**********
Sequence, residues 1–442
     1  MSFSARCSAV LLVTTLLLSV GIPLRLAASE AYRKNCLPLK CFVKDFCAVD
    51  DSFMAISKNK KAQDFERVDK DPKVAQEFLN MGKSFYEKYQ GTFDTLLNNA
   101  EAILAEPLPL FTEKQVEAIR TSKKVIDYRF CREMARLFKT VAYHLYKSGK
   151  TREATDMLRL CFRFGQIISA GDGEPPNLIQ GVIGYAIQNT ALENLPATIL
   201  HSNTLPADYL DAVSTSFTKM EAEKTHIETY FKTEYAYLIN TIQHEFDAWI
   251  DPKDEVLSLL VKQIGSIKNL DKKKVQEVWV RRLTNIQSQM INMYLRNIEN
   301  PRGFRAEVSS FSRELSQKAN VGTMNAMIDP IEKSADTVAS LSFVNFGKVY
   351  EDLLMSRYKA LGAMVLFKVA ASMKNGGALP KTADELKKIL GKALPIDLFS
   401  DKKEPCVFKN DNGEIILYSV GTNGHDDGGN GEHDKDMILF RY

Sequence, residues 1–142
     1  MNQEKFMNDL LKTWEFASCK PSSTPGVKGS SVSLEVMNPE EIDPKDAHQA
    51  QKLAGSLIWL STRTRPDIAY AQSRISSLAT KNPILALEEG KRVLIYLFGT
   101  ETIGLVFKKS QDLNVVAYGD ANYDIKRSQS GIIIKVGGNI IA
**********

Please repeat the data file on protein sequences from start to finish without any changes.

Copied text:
Sequence, residues 1–442
     1  MSFSARCSAV LLVTTLLLSV GIPLRLAASE AYRKNCLPLK CFVKDFCAVD
    51  DSFMAISKNK KAQDFERVDK DPKVAQEFLN MGKSFYEKYQ GTFDTLLNNA
   101  EAILAEPLPL FTEKQVEAIR TSKKVIDYRF CREMARLFKT VAYHLYKSGK
   151  TREATDMLRL CFRFGQIISA GDGEPPNLIQ GVIGYAIQNT ALENLPATIL
   201  HSNTLPADYL DAVSTSFTKM EAEKTHIETY FKTEYAYLIN TIQHEFDAWI
   251  DPKDEVLSLL VKQIGSIKNL DKKKVQEVWV RRLTNIQSQM INMYLRNIEN
   301  PRGFRAEVSS FSRELSQKAN VGTMNAMIDP IEKSADTVAS LSFVNFGKVY
   351  EDLLMSRYKA LGAMVLFKVA ASMKNGGALP KTADELKKIL GKALPIDLFS
   401  DKKEPCVFKN DNGEIILYSV GTNGHDDGGN GEHDKDMILF RY

Sequence, residues 1–142
     1  MNQEKFMNDL LKTWEFASCK PSSTPGVKGS SVSLEVMNPE EIDPKDAHQA
    51  QKLAGSLIWL STRTRPDIAY AQSRISSLAT KNPILALEEG KRVLIYLFGT
   101  ETIGLVFKKS QDLNVVAYGD ANYDIKRSQS GIIIKVGGNI IA